7. Now I know what to get you for your birthday . . . a bug-eyed plumeria named Molly.


  8. That is such a beautiful story for a once beautiful blossoming tree. Isn’t it wonderful how looking at some dry strings from years back brings back the flood of emotions attached with it? May you get to look at all the movie beautiful flowery views in your life.


  9. I didn’t know what flower was used to make a lei. Now I do. Shari, your story brought forward a story of my past about a bush in the backyard of the house I grew up in.


    • Many flowers can be used to make a lei, from carnations to crown flowers. But plumeria are common.
      Glynis, will you write about your bush on your blog? I’ve missed you and hope you return.


  10. Well you know how much I love the elusive (to me) plumeria, Shari! Isn’t it sad to know that folks who move into our old family homes cut down those plants and trees that became dear to us in our youth? My grandfather loved gardening in his San Diego home. Among his prized possessions were his honeysuckle vines, bougainvillea, and two large date palms. When he passed away over 20 years ago, the new owners promptly uprooted and sold the palms; I believe they were worth a lot of money. When I visit I often drive by the house and remember those times. I’m glad I have a couple of old polaroids of him out there among his trees! I also wanted to say how cool it is that you saved the plumeria lei and it “lives” in a vase.


    • How sweet that you have photos of your grandfather with his beloved trees. I bet someone really good with digital technology could enhance them for you. Actually, you’re pretty handy yourself – maybe you can do it.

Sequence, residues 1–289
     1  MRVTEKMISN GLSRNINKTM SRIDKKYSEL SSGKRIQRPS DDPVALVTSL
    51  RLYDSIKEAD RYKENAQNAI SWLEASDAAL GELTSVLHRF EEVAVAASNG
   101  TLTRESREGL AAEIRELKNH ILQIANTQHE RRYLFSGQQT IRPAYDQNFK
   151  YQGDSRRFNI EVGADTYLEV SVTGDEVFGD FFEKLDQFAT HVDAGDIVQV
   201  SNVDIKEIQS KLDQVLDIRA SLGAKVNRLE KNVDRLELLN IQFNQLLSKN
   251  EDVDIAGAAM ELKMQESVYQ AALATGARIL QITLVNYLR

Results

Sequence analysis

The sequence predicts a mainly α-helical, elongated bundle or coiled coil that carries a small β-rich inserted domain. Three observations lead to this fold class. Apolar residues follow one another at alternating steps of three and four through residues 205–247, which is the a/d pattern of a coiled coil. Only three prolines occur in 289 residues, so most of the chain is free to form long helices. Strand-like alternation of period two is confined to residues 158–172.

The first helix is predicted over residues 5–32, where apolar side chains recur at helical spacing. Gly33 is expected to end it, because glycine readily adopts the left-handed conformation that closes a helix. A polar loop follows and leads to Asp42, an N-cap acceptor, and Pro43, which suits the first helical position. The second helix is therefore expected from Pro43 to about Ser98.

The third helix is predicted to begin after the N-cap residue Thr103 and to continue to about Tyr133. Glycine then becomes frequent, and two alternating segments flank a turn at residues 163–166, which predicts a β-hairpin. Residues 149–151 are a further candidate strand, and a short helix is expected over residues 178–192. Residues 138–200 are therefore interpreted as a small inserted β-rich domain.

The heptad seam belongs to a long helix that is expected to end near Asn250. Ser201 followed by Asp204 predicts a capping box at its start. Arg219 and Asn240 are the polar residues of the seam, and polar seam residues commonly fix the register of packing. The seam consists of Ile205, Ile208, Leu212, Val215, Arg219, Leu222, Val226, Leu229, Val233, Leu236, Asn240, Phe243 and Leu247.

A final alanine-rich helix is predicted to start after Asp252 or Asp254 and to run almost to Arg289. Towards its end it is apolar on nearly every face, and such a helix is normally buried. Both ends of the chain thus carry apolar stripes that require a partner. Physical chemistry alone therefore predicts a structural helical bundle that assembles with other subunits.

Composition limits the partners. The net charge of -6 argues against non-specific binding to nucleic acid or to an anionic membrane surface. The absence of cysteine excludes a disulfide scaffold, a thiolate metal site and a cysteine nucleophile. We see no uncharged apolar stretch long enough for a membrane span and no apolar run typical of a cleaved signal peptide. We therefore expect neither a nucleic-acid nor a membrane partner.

I wish I had photos of my dad with this plumeria tree, and the gorgeous Japanese maple he planted out front, and the magnificent fig tree off the back deck – but there are few pics to be found, and I have none. Even when he lived his last ten years with my mom at their San Clemente condo overlooking the Pacific, he maintained the rose garden for all the residents to enjoy. One of his dying conversations to me was how to care for the roses so they’d bloom twice a year, so everyone could see them. I went back one time and picked a few of his roses, but haven’t been back since.

      Liked by 1 person

  11. Oh no, that poor Plumeria tree – where is the heart that could cut down such a beauty. Just from your eloquent description I can picture the small specimen brought into the country, watching it grow. A lifetime of memories and love … your beloved lei brought tears to my eyes, still treasured in its precarious state. Wonderful writing, and I love hearing your tales – whether true or not! Glad this one is! 😀


    • Yes, this is a true story. I was pretty angry when I found out the plumeria – and the extraordinary Japanese maple in the front yard and the enormous fig tree off the back deck – had all been cut down by new owners. None of these trees blocked views or impeded with plumbing. But when I think of the old house, I remember it with all its majestic arboreal glory.

      Liked by 1 person

  12. I talk about having compassion for other people’s views but it’s especially hard for me when they butcher trees. Two neighbors in my hometown fought when one chopped down this incredible blue spruce on the property boundary between them. the one man’s wife had suffered for years with the aftereffects of polio and was so weak now that her only delight was watching the birds flit around in that tree. The other (new) neighbor chopped it down so he could park his huge and ugly camper there.

    As usual your writing is amazing.


  13. Oh! I love plumeria trees and flowers! I can never get enough of looking at them.
    ‘I’ve learned only to look and not to touch’ – such a very deep truth, Shari. Some things can only be admired from a distance like the now dried beautiful lei your father made you.